So far, both our US and EU datacenters used AWS' Elastic Load Balancer (ELB) for distributing incoming traffic across many different machines. Recently, Amazon introduced two new types of loadbalancers, and renamed their existing one to 'Classic':
- Classic Load Balancer (ELB)
- Application Load Balancer (ALB)
- Network Load Balancer (NLB)
The ALB can be seen as an iteration over the ELB. Both are Layer 7 load balancers, meaning they can "understand" HTTP traffic, and, for instance, handle SSL termination, so that your backend servers don't need to worry about SSL. The ALB offers additional advantages, such as being able to route traffic to different servers depending on the URL.
The newly-introduced Network Load Balancer is a different beast altogether. It operates on Layer 4, meaning it's blissfully unaware of things like HTTP, and routes traffic to backend machines on the IP-packet level. This makes them less feature-rich (no SSL termination or routing based on URL) but much more powerful. It's possible to handle millions of requests per second at much lower latencies, for a number of reasons.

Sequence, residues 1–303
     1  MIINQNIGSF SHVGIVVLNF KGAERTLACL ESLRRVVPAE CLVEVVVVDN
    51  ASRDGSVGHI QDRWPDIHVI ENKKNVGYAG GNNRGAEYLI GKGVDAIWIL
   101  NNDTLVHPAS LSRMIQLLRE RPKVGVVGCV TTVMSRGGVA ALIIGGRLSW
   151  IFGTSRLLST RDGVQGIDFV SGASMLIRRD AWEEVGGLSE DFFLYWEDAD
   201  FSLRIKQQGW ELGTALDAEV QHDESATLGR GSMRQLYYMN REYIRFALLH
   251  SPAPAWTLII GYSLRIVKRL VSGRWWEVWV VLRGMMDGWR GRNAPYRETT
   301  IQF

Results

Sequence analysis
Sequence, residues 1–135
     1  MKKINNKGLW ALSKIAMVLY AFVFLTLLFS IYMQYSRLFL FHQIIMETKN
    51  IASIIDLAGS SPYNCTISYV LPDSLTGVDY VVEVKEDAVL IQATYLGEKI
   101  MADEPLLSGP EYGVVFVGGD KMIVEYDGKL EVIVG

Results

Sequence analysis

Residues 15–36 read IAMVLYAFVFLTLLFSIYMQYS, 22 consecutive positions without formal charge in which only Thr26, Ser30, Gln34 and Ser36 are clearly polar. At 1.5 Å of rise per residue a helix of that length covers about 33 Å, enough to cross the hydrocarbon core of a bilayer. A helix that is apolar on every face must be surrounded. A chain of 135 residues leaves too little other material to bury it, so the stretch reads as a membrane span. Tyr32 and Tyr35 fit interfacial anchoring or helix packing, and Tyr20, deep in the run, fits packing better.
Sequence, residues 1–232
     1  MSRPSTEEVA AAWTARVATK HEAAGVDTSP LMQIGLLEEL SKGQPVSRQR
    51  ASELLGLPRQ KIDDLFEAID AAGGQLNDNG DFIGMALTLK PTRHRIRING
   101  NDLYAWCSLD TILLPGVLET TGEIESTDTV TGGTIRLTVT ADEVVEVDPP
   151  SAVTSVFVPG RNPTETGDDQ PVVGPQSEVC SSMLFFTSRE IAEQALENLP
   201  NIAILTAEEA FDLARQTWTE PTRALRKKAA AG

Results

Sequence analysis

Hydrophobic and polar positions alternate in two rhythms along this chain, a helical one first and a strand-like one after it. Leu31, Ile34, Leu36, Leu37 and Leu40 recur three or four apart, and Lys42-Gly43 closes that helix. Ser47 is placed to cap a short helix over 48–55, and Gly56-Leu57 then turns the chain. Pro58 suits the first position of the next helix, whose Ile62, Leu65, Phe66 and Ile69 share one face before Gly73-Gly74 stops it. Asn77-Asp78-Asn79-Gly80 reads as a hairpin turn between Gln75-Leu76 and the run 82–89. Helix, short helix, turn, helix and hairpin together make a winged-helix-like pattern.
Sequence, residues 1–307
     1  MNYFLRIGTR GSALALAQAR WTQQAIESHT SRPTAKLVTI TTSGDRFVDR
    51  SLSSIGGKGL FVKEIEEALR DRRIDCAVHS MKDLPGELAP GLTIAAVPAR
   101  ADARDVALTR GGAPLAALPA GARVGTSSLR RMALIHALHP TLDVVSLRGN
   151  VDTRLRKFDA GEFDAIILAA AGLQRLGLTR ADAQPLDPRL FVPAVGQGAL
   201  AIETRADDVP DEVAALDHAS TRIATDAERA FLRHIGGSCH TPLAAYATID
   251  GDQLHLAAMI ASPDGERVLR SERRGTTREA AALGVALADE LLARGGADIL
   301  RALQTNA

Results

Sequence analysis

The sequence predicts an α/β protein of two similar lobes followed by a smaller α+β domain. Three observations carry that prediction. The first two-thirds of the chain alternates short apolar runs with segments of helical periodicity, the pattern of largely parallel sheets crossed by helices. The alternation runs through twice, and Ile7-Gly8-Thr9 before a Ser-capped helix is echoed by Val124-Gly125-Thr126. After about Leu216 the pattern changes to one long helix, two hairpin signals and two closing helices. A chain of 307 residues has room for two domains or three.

As for not being able to handle SSL anymore on the loadbalancer, we have decided that is a good thing. After all, with termination, the traffic would be decrypted by AWS and flowing unencrypted to our backend servers anyway. It's only the last hop, but still: handling decryption ourselves at the very last station reduces the attack surface.
Another reason for moving away from the classic ELB is that if you expected a traffic spike, you had to contact AWS support to Pre-Warm loadbalancers for you or risk being severely throttled for some time. Not so great! It's clear why AWS now recommends to move away from them, and that's exactly what we're doing, starting with our new Singapore data center.
We are looking forward to the lower latencies and enhanced security that these changes will provide to your end-users, but it's also always good to be cautious.